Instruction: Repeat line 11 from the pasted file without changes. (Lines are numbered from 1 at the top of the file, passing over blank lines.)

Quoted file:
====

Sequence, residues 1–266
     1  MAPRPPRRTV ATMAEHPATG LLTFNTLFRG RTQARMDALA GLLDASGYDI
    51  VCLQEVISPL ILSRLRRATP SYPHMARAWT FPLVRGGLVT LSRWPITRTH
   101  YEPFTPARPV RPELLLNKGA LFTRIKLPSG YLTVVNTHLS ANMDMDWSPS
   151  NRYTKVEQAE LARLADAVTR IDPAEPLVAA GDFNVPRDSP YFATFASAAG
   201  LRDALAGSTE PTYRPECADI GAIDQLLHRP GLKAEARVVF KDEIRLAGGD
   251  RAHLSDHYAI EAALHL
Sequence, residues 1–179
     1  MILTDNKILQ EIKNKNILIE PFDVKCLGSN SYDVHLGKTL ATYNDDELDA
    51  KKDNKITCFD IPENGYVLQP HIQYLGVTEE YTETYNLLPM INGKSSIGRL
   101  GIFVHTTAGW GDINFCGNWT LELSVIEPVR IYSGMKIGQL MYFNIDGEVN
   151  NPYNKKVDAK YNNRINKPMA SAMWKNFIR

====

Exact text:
   101  GIFVHTTAGW GDINFCGNWT LELSVIEPVR IYSGMKIGQL MYFNIDGEVN